Sacred Guardian’s debut album is a case study in the importance of managing listener expectations. Take a minute, if you will, and examine that cover art. Warrior standing atop a crumbling castle wall? Check. Fierce-looking dragon hovering in mid-air belching fire at said warrior? Check. Band logo in a font that might get the Tolkien estate a little hot-‘n-litigious? Check. Point being, I went into this album expecting wall-to-wall Euro power-cheese. Instead, Sacred Guardian presents a more muscular and generally more traditional type of power metal, and while the Puerto Rican band shows promise, one fears that as things currently stand, that warrior’s shield may soon buckle like the corsets of so many buxom lasses.
So, instead of super-charged, flowery power metal, Sacred Guardian offers a darker, sturdier, and more aggressive version of a rather trad-ish power metal, in the process calling to mind names like Nevermore or Helstar. (Sacred Guardian is never as progressive as the former nor quite as speedy as the latter, but they land in the same general area.) The songs are tightly constructed, and flow quite fluidly from one section to the next, but throughout the course of the album’s fifty minutes, they blend together quite sharply. Part of that might be on vocalist Gustavo Rodriguez: his voice generally operates on the lower end of the range typically associated with this style of music, and while that isn’t necessarily a problem, his vocal melodies are neither particularly interesting nor memorable. In short, the album is in desperate need of some catchy-as-hell choruses.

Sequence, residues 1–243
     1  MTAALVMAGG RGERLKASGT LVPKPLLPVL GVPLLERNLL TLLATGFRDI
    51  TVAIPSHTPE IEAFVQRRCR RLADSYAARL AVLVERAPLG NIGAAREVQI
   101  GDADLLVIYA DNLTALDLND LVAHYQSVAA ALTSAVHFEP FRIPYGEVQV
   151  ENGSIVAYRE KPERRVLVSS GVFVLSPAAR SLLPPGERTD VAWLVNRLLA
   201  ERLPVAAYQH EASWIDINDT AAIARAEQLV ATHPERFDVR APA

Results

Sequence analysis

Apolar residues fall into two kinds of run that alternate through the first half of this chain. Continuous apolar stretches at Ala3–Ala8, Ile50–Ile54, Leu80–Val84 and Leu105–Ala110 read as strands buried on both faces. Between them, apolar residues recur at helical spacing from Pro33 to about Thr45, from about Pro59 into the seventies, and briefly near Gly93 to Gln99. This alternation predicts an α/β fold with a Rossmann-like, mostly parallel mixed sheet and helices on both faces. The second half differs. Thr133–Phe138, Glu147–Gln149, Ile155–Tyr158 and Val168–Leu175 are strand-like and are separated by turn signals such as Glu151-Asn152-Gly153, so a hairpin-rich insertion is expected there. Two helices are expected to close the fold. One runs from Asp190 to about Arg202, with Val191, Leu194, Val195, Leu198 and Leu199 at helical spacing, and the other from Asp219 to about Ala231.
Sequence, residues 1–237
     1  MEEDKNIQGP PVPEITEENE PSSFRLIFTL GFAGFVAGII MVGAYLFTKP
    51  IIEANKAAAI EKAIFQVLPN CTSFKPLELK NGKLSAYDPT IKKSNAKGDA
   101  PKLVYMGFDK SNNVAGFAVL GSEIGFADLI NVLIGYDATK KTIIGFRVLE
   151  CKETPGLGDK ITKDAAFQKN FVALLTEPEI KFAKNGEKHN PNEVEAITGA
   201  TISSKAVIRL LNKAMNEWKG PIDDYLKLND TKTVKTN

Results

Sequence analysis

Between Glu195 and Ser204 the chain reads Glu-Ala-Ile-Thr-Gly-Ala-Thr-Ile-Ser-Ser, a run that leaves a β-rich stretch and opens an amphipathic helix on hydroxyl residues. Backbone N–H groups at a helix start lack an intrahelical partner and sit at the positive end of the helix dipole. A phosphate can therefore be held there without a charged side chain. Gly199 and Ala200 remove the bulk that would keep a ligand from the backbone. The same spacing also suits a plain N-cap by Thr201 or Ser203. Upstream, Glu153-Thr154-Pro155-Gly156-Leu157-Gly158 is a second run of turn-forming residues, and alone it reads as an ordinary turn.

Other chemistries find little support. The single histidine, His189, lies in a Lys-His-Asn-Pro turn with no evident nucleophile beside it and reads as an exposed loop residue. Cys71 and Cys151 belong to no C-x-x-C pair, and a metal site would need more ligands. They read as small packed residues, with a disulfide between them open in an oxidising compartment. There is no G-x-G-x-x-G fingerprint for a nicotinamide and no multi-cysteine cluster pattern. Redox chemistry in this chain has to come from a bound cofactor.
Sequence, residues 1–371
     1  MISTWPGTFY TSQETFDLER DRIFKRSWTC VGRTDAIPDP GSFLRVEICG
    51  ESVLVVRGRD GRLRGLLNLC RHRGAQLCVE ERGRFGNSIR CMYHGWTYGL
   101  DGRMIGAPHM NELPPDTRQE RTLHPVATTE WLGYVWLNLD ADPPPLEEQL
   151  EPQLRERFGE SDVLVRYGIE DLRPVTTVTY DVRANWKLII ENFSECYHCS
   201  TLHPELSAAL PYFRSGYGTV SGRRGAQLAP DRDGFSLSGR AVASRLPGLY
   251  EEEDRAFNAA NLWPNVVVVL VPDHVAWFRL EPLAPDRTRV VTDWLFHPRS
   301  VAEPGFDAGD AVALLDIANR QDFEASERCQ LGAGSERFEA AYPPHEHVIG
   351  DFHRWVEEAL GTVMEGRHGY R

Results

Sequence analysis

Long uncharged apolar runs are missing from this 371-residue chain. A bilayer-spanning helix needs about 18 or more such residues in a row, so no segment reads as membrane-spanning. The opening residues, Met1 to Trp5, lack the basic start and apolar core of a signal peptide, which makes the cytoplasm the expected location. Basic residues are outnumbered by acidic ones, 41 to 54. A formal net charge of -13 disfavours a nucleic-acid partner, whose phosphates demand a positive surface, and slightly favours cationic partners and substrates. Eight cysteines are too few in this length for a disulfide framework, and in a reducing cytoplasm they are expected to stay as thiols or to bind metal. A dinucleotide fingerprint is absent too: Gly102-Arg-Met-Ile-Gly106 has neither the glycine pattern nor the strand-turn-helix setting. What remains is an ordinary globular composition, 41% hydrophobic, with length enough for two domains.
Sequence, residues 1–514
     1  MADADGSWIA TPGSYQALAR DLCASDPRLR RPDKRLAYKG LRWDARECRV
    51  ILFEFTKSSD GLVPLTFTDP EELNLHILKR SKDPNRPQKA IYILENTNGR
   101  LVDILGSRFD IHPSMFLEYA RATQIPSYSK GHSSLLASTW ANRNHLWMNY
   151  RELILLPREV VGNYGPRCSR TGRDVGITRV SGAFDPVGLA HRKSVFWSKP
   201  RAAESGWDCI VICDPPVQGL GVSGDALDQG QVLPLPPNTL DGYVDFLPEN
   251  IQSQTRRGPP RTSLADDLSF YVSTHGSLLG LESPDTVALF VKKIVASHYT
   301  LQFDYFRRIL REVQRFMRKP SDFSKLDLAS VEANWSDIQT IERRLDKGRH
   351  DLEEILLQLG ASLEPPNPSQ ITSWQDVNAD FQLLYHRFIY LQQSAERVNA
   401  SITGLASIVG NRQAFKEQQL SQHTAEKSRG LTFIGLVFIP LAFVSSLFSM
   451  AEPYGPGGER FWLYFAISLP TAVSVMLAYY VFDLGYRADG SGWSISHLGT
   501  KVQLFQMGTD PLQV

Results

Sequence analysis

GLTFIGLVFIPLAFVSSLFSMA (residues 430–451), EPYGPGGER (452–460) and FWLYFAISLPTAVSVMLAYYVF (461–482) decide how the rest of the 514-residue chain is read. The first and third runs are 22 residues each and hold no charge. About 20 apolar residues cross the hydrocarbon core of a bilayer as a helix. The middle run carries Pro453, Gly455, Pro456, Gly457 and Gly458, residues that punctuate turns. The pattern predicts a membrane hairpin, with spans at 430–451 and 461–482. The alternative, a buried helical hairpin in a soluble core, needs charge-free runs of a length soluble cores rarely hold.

That said, Sacred Guardian has two factors working strongly in its favor. The bass playing of Raly Vega is fantastic, and highly prominent throughout the album. While I didn’t have any credits provided, I wouldn’t be at all surprised to learn that Vega plays a fretless bass, such is the movement and roundness his playing lends the album. Second, although Jose Blondet’s guitars occasionally seem tuned a bit low for the style, his soloing throughout the album is a real highlight. “Ancient Prophecy” is especially ripping on this count, with excellent solo spots, and some of the speedier riffing sections almost tipping over into Iced Earth territory. So, while Sacred Guardian is neither fleet and fanciful enough to scratch my cheesy power metal itch, nor quite memorable enough to fit a classic metal template, this is far from a laggard effort. The talent is there, and the tunes are more than halfway to where they need to be. And really, let’s be honest: who among us truly defeated the first dragon we encountered?